Local grocery stores staying open, providing essentials and more
No self serve right now, but deliveries are happening.
Sure, you can use a delivery service app to get groceries, but do they come with a familiar face? Local grocery stores in Oakmont, Kenwood and Glen Ellen are like first responders – a role thrust upon them by the Coronavirus pandemic – and they are rising to the occasion.
At the Oakmont Market (Hours: 6 a.m. to 7 p.m.), store owner Dave Arcado said that they are doing lots and lots of deliveries. On Friday, March 27, they made 75 deliveries in Oakmont. Fewer people are shopping in the store, about half a dozen at any one time, he estimates, so his staff has enough time to take phone orders, including credit card payment, and make deliveries, generally within a few hours. The groceries are left on the customer’s doorstep so there’s no physical contact.
In the store, workers wear gloves and spray the countertops with alcohol after each customer, and they’ve taped lines on the floor to keep people six feet apart as they wait for the register. The busiest time of day is 11:30 a.m. to 12:30 p.m.
As far as the supply chain goes, Arcado said that they are getting everything they order from their suppliers, but only about half or a third of the amounts requested. That’s better than two weeks ago, though, when they ordered groceries, deli and frozen foods and only got the grocery order, and only half of that. As of March 28, they even had toilet paper and paper towels, although Arcado said they were sent a case of bamboo fiber TP, which he opened up to see what it was like. It’s fine. Arcado has not had any price increases from his suppliers.
Kenwood Market (New Hours: 7 a.m. to 7 p.m.) has been doing a great lunch business, with vineyard workers who are still employed and parents home with their children. “People have been thanking us for being open,” said Anna behind the deli counter. They’ve been selling lots of sliced meats and cheeses, lots of eggs, and bleach – when they have it. Oh, and lots of beer and booze.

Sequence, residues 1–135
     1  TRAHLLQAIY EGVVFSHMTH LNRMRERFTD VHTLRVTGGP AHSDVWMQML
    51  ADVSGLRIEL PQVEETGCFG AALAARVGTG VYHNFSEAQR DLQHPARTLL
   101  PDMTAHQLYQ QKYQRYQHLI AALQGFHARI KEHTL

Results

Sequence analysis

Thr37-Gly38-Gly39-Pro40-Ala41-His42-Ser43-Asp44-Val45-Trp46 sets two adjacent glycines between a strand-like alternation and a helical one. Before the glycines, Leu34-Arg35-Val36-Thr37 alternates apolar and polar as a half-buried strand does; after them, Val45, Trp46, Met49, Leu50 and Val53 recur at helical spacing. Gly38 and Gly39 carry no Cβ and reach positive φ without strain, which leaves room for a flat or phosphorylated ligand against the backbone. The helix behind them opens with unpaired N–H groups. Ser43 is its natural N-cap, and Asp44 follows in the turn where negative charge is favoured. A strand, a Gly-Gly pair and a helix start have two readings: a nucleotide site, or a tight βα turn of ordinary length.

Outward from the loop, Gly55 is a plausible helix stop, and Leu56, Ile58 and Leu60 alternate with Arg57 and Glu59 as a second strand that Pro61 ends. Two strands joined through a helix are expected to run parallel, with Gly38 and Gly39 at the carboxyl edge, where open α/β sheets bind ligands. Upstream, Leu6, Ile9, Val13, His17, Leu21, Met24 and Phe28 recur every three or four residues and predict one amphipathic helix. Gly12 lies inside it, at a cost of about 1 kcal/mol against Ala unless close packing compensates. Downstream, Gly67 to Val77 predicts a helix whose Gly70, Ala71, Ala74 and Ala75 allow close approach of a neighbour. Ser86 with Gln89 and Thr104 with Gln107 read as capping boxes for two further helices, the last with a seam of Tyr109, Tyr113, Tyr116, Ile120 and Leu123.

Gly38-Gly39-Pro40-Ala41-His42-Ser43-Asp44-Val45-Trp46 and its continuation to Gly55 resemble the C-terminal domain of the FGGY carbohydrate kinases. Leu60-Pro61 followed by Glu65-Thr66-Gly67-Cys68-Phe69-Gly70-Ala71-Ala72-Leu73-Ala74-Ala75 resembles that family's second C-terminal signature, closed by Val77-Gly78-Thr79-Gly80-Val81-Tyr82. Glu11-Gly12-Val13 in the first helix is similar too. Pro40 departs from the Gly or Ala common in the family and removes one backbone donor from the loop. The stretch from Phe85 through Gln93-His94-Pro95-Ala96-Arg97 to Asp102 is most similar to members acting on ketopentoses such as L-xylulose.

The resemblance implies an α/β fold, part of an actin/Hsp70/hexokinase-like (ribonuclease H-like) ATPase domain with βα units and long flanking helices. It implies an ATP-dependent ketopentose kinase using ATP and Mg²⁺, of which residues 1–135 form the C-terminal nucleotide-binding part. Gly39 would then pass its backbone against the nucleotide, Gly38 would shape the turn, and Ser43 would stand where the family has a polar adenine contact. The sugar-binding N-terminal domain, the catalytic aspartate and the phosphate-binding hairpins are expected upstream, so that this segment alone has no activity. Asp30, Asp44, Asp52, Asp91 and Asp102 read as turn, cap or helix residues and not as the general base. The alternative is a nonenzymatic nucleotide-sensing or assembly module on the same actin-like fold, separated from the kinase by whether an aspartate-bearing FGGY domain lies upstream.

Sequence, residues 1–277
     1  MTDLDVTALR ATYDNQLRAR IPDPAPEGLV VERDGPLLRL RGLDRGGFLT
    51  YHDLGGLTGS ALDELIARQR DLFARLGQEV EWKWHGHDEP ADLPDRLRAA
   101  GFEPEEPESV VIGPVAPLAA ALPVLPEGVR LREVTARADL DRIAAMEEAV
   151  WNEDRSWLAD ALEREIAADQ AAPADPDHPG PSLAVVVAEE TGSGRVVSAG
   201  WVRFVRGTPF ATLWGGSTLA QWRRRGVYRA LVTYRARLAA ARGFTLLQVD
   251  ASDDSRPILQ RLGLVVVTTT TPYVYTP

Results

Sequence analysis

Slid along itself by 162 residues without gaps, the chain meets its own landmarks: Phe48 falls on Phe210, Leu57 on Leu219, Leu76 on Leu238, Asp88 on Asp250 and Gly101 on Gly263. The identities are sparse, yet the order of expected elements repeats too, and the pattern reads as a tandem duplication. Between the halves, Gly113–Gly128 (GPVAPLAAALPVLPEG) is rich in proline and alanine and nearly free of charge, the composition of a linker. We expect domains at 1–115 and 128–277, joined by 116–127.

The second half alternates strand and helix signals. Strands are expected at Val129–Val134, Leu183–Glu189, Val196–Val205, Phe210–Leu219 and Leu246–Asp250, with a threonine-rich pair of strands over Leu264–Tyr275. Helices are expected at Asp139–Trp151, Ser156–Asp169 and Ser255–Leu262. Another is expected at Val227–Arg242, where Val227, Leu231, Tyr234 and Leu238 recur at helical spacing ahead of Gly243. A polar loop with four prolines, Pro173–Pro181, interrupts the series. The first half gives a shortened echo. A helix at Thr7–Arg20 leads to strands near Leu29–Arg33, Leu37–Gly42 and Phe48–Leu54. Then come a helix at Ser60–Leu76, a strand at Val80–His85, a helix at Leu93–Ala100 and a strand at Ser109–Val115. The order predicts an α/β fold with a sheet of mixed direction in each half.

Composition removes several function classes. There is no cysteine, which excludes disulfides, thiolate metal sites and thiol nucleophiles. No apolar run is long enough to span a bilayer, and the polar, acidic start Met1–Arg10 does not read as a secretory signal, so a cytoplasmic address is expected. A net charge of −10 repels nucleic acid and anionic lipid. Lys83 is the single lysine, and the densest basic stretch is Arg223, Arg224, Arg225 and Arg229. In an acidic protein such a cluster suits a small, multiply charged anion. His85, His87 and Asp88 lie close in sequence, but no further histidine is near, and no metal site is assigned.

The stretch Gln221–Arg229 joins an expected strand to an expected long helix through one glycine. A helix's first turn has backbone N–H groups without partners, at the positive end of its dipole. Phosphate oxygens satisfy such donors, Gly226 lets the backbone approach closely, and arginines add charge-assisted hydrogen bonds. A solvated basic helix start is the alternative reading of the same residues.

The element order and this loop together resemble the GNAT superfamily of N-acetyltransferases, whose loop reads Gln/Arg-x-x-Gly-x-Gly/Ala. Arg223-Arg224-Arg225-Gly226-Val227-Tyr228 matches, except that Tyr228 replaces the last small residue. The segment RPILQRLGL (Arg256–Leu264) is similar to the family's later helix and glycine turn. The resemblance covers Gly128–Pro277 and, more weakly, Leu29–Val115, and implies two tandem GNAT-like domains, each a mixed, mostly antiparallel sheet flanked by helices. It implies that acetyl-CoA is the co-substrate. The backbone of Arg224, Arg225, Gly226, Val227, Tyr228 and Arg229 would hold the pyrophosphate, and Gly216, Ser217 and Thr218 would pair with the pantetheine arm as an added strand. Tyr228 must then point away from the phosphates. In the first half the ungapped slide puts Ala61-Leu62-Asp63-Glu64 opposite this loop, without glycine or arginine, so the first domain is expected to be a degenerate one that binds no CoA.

It’s been hard to get deliveries of toilet paper and cleaning supplies, and regular eggs. Lately they’ve only been able to get organic eggs, which are more expensive. But store owners Sam and Lakhwinder Singh said they are getting all their dairy delivered locally, from Clover, so they have plenty of milk, cottage cheese, yogurt, half and half, and more, and Lakhwinder said that their prices are lower than Safeway’s. As for orders being filled by their distributors, it’s been spotty. They got one third of their frozen food and deli orders the week of March 23-27, and prices have gone up on some products, which means they have to reprice them on the store’s computer system and relabel the shelves. Fortunately, they did get toilet paper. They also got a full order of Amy’s frozen pizzas. The store is generally well stocked.
Glen Ellen Village Market (Hours 6 a.m. to 9 p.m.) is well-supplied, although they have shut down their self-serve salad and hot food bars. Customers can still get hot food in Grab and Go boxes and fried food upon request. Store Manager Joe Pedro said on March 24 that they had plenty of chickens (delivered directly from Mary’s), meat, dairy and produce, but getting toilet paper was a problem. As for the supply chain, Pedro said, “The warehouses still have a ton of food.” The problem is getting it distributed. Being a small company, they are not the first priority for delivery. On top of that, drivers are maxed out in terms of how many hours a day they’re allowed to work, so warehouse businesses have been hiring new drivers who don’t know the area or the stores. A delivery that used to take one hour can now take three hours.
The busiest shopping time at GEVM is 3 p.m., and the quietest times to shop are when they open at 6 a.m., and between 8 and 9 p.m. at night. Pedro said that most of the customers are locals. You can also order groceries on their website, www.glenellenvillagemarket.org, and pick up in the parking lot. They’ve been getting about 20 to 30 orders a day.
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